Garcia-Arenzana N.,Hospital Universitario Infanta Sofia | Garcia-Arenzana N.,Institute Salud Carlos III | Navarrete-Munoz E.M.,University Miguel Hernández | Navarrete-Munoz E.M.,Institute Salud Carlos III | And 21 more authors.
Menopause | Year: 2012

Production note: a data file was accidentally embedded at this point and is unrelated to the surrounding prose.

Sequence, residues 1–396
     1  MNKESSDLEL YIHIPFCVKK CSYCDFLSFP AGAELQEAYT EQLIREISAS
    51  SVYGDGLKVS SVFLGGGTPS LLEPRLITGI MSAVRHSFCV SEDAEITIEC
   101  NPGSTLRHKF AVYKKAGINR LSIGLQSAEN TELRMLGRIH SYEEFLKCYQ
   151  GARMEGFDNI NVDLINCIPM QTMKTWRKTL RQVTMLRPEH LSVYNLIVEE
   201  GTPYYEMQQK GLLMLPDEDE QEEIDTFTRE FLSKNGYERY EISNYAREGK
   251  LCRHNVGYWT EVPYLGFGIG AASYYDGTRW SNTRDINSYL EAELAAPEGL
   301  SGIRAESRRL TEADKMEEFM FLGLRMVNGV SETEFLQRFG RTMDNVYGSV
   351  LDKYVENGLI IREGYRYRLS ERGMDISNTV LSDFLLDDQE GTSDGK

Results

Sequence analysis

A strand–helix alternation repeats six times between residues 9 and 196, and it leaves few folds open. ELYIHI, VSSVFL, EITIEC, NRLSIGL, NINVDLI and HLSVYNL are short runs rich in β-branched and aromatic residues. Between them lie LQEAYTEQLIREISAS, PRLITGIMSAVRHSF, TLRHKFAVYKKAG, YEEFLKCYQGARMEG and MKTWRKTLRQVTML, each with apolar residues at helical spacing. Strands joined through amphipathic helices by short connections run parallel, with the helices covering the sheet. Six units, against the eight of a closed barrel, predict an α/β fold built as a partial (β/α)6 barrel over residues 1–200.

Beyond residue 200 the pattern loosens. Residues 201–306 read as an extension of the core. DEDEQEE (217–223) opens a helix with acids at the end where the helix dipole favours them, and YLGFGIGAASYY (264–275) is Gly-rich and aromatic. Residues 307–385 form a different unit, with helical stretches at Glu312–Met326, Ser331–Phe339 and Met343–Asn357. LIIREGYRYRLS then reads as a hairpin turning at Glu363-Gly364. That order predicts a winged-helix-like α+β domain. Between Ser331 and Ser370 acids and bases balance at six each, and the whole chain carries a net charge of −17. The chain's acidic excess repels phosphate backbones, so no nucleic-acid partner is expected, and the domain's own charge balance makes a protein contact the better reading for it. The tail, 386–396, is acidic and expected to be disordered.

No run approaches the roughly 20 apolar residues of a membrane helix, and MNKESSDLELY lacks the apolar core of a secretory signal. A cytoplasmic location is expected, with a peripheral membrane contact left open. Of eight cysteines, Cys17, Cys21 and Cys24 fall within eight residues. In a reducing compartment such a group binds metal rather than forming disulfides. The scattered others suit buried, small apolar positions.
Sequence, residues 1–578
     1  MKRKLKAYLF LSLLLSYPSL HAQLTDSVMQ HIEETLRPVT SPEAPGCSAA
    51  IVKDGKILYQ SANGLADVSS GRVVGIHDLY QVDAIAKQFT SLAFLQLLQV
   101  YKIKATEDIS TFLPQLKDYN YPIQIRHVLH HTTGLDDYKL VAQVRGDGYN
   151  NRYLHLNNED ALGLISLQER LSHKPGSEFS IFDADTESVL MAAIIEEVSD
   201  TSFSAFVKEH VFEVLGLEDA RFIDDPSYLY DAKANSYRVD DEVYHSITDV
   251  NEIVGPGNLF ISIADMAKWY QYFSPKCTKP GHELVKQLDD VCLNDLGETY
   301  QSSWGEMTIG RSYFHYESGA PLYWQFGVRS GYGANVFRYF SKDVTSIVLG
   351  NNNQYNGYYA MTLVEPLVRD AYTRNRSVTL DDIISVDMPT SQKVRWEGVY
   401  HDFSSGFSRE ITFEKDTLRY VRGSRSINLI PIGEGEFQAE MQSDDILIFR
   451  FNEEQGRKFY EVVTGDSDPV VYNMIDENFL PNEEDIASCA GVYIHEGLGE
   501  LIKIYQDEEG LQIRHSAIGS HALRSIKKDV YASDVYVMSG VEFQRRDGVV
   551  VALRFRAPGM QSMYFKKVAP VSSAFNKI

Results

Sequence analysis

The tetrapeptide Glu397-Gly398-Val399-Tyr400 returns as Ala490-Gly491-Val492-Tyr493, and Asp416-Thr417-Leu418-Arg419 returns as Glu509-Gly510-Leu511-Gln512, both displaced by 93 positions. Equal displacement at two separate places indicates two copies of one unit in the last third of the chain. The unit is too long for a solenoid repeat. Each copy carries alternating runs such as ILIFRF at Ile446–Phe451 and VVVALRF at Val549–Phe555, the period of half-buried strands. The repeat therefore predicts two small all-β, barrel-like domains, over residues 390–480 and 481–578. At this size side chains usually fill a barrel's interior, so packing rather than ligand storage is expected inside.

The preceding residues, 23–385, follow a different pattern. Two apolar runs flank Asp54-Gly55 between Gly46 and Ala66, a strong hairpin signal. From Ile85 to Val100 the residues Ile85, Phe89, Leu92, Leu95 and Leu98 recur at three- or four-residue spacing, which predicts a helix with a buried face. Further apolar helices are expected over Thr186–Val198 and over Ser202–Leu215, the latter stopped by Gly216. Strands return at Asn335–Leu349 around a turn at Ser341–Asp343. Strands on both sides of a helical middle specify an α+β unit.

OBJECTIVE: A healthy diet is particularly important during menopause, a period in which the risk of a number of health problems increases. This study analyzed diet quality as measured by two indices, namely, the Alternate Healthy Eating Index (AHEI) and the Alternate Mediterranean Diet (aMED) index, which measures adherence to a Mediterranean diet, and examined the factors associated with lower diet quality. METHODS: This was a cross-sectional study covering 3,564 women aged 45 to 68 years who underwent breast cancer screening at 7 centers (Corunna, Barcelona, Burgos, Palma de Mallorca, Pamplona, Valencia, and Zaragoza). Data on diet were collected using a food frequency questionnaire validated for the Spanish population. We calculated the AHEI out of a total of 80 points and the aMED out of a total of 9 points. Ordinal logistic regression models were fitted, taking diet quality (tertiles of the AHEI and the aMED) as dependent variables. The following were included in the final multivariate models as explanatory variables: sociodemographic characteristics, chronic diseases, and lifestyles that were associated with diet quality, with a P value <0.100 in an initial simple model (adjusted solely for calorie intake and screening center). Interaction between menopause status and the other explanatory variables was checked. RESULTS: The median score for AHEI was 40 of a maximum of 80 points. Lower diet quality was registered by the youngest women (P for trend < 0.001), premenopausal and perimenopausal women (odds ratio [OR], 1.25; 95% confidence interval [CI], 1.01-1.56; and OR, 1.48; CI, 1.20-1.83, respectively), obese women (OR, 1.18; CI, 0.99-1.41), those with a diagnosis of diabetes (OR, 1.35; CI, 1.01-1.79), smokers (OR, 1.41; CI, 1.21-1.66), and women reporting lower daily physical activity (OR, 1.31; CI, 1.12-1.53). Better diet quality was shown by women with higher education (OR, 0.74; CI, 0.62-0.88) and ex-smokers (OR, 0.82; CI, 0.69-0.98). Nulliparity was associated with higher AHEI scores, but only among premenopausal women (OR, 0.50; CI, 0.32-0.78). aMED index varied between 0 and 9 (median 5). Lower scores were associated with younger age (P for trend < 0.001), low socioeconomic level (OR, 1.13; CI, 0.96-1.33), lower educational level (P for trend = 0.008), and low level of daily physical activity (OR, 1.27, CI, 1.08-1.50). CONCLUSIONS: The youngest women, the most sedentary women, and those who had a lower educational level and socioeconomic status registered worse diet quality. Ex-smokers and postmenopausal women obtained better scores, probably reflecting a keener concern about leading a healthy life. © 2012 by The North American Menopause Society.